The Happy CHO Cell

cells

By: Frank Corden, Senior Director of Enterprise Solutions, New England Controls

Let me start off with a little background.  As an analytical chemist, I was attracted to measurement science as a means to understand the world around us.  In my mind, you can’t understand something if you can’t measure the stuff that impacts the thing you’re trying to understand. That seemed pretty straightforward when trying to determine environmental compliance and the impact of pollutants on an ecosystem.  It wasn’t until later in my career when I got involved with process improvement efforts that I realized the concept of measuring the inputs, process attributes and outputs of a process weren’t universally acknowledged as “necessary” or even well understood.  So it’s against that backdrop that I start my story of the happy CHO cell.

As I’ve pointed out in prior posts, I don’t view the concrete and stainless steel, or now single use containers, as a biotech factory.  Rather, I see a biotech plant as the sum of millions of very small factories, each unique in its own right.  In other words, the factory is really all those CHO cells in the bioreactors.  And being a measurement scientist, I’m always interested in what we monitor in a bioreactor, and specifically in the cells.

Historically, we’ve focused on keeping the cells alive, give them oxygen, sparge CO2 and feed them once or twice a day.  And in addition to keeping the cells warm (but not too warm) we sought to optimize these factors.  But that’s like trying to figure out what is going on in a factory by monitoring the warehouse.  It’s indicative of the performance of the factory, but it doesn’t give you much detail.  So I’ve been more encouraged of late with a focus on really keeping cells “happy”.

In the August 2016 issue of Pharmaceutical Technology, there were several articles focused on measurement and manufacturing trends.  In the article “Evaluating Technology and Innovation in Biopharmaceutical Manufacturing” Ranjit Thakur et al. highlighted the increased use of perfusion technologies for continuous manufacturing and for the accelerated uptake of Process Analytical Technologies in our field.  Both of these trends seem to me to contribute to the concept of the “happy” cell.  And “happy” cells are generally more productive cells.

Though the initial objective of perfusion was to support continuous harvesting as a means to level out downstream processing, published data from Genzyme (UPSTREAM DEVELOPMENT OF HIGH CELL DENSITY, PERFUSION PROCESSES FOR CONTINUOUS MANUFACTURING, Tim Johnson, Oct. 2013) http://www.engconf.org/staging/wp-content/uploads/2013/12/Johnson13AQ-ICB-Monday.pdf and others has indicated substantially improved yields on the basis of harvest volume.  The improved titers seemed to correlate well with stability (reduced variation) in viable cell density.  Steady state viable cell density leads to better product quality and increased number of passages before a culture is “spent”.  We know cells in organisms perform ideally when in specific unique environments (often created by the cells in the environment), and the rapid advances in tissue culture technology and growing artificial organs have focused on identifying these factors. And in many cases, having the right cells in the micro-environment is key.  So it would seem obvious that maintaining a consistent cell density in a bioreactor would keep the cells “happy” and productive.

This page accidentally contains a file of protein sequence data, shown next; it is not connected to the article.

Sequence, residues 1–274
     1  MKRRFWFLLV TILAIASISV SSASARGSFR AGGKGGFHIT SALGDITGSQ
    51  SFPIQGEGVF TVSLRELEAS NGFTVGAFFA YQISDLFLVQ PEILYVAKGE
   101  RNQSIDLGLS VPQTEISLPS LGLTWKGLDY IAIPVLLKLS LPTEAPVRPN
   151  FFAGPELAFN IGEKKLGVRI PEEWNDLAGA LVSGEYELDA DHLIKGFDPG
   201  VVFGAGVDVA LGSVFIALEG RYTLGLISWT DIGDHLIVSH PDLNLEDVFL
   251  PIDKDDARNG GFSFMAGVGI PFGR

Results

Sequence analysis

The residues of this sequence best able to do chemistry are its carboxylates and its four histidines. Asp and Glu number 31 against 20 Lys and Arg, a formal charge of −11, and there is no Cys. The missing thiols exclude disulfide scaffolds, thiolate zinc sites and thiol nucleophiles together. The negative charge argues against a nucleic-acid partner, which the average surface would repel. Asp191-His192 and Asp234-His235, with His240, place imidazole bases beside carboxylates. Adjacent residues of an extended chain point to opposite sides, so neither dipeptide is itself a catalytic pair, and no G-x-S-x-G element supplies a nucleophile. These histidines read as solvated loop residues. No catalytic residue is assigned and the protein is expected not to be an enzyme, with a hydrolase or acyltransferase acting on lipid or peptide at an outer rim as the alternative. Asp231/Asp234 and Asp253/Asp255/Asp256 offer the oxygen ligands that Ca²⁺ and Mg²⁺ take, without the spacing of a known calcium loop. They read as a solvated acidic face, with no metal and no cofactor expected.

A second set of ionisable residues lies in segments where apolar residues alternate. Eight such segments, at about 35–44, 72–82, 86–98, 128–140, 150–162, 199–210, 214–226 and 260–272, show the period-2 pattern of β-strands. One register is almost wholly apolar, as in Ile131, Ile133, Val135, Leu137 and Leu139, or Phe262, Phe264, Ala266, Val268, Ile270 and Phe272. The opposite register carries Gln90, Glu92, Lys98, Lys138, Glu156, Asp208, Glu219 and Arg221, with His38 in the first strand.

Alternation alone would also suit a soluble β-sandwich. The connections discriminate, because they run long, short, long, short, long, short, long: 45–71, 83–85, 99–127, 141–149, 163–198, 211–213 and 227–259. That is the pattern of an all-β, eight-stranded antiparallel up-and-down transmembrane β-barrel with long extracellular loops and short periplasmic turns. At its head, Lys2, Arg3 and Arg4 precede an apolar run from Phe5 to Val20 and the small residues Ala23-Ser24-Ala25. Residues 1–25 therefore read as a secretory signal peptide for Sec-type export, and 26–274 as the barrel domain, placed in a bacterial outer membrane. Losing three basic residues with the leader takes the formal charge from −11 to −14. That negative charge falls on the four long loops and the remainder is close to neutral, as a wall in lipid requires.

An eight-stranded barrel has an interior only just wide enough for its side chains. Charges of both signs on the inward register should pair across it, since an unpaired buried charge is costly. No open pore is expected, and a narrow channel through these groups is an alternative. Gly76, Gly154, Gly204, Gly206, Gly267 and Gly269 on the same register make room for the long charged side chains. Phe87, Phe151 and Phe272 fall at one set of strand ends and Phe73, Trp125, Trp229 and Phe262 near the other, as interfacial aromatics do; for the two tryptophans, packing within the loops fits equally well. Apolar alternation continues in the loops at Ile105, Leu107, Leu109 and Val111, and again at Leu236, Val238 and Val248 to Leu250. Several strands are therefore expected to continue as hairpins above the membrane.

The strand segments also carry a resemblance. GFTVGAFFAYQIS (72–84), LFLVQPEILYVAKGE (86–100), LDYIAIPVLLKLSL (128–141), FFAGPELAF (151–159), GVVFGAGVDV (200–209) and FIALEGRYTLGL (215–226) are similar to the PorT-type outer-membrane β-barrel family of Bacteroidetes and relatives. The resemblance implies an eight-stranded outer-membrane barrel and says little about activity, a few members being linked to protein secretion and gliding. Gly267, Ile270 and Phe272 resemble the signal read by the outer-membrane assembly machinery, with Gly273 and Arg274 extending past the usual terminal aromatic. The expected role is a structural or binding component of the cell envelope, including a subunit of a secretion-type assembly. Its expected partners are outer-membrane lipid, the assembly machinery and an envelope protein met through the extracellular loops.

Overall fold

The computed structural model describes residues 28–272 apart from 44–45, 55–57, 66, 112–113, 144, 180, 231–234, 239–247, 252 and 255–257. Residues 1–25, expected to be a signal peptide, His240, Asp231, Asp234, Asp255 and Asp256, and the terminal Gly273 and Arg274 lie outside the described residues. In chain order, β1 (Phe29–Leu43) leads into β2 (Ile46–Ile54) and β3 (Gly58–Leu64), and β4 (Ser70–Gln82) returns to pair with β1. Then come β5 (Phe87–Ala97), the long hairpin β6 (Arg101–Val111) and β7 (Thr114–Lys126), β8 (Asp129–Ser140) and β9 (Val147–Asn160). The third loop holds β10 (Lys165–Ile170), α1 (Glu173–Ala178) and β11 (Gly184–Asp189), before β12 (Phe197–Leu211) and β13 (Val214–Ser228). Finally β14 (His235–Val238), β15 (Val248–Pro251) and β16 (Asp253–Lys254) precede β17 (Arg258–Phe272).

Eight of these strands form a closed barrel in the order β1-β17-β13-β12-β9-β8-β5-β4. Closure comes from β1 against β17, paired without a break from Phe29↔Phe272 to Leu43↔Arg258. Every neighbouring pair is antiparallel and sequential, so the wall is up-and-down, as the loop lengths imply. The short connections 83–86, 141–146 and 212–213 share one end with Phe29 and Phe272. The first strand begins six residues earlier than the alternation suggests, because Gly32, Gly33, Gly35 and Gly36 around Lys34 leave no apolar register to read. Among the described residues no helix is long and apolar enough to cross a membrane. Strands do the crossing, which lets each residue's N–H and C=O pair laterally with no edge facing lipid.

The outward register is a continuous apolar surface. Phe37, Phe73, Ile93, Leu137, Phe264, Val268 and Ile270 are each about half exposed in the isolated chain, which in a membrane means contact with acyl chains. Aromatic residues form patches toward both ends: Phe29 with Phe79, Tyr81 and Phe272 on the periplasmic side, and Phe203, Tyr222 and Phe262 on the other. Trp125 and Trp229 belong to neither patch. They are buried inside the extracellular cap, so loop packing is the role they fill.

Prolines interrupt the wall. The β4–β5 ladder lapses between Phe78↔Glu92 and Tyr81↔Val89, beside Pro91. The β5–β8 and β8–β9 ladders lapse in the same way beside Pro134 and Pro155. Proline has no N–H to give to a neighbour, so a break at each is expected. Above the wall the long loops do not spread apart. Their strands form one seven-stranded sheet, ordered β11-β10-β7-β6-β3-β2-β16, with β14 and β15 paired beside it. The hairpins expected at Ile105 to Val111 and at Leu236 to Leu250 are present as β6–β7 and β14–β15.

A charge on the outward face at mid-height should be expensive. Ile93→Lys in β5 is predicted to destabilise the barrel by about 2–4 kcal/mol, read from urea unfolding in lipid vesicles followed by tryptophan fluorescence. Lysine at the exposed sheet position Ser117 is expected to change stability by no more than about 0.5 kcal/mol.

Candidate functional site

Process analytical technology plays a key role in maintaining those “happy” cells.  Updated sensors for in-process viable cell density measurement using RF Impedence/Capacitance can provide real-time data for determining viable cell density.  Just as use of optical DO measurements greatly improved DO monitoring over other sampling techniques, sensors from Hamilton and ABER have changed the paradigm compared to at-line or off-line measures.  Feed timing, harvest timing and frequency along with sparging and pH control can be modified in concert by looking at the near real-time response of the culture using these on-line cell monitoring techniques and help maintain that steady state cell density.

As noted above, glucose feeding of cell cultures plays a role in improved yields.  The use of Raman probes from Brucker and Kaiser along with PAT models like synTQ (Optimal Technologies) and SIPAT (Siemens Automation)  enable the real-time measurement of glucose (and other bio molecules as well) to control feed rates on an as-needed basis as opposed to sticking to scheduled feeding times.  A well feed cell is a “happy” cell.

The upcoming agenda at BPI this week includes a number of sessions that address Process Analytical Technologies, control approaches, and other novel developments in increasing throughput and yield.  Specifically sessions in the Analytical Formulation and Quality Track along with sessions in Upstream Processing and Manufacturing Strategy tracks (URL: https://lifesciences.knect365.com/bioprocessinternational/agenda/1) touch on these topics as well as others.  So I look forward to meeting those of you interested in improved measurement and understanding of those factors to create “happy” cells.  See you soon.

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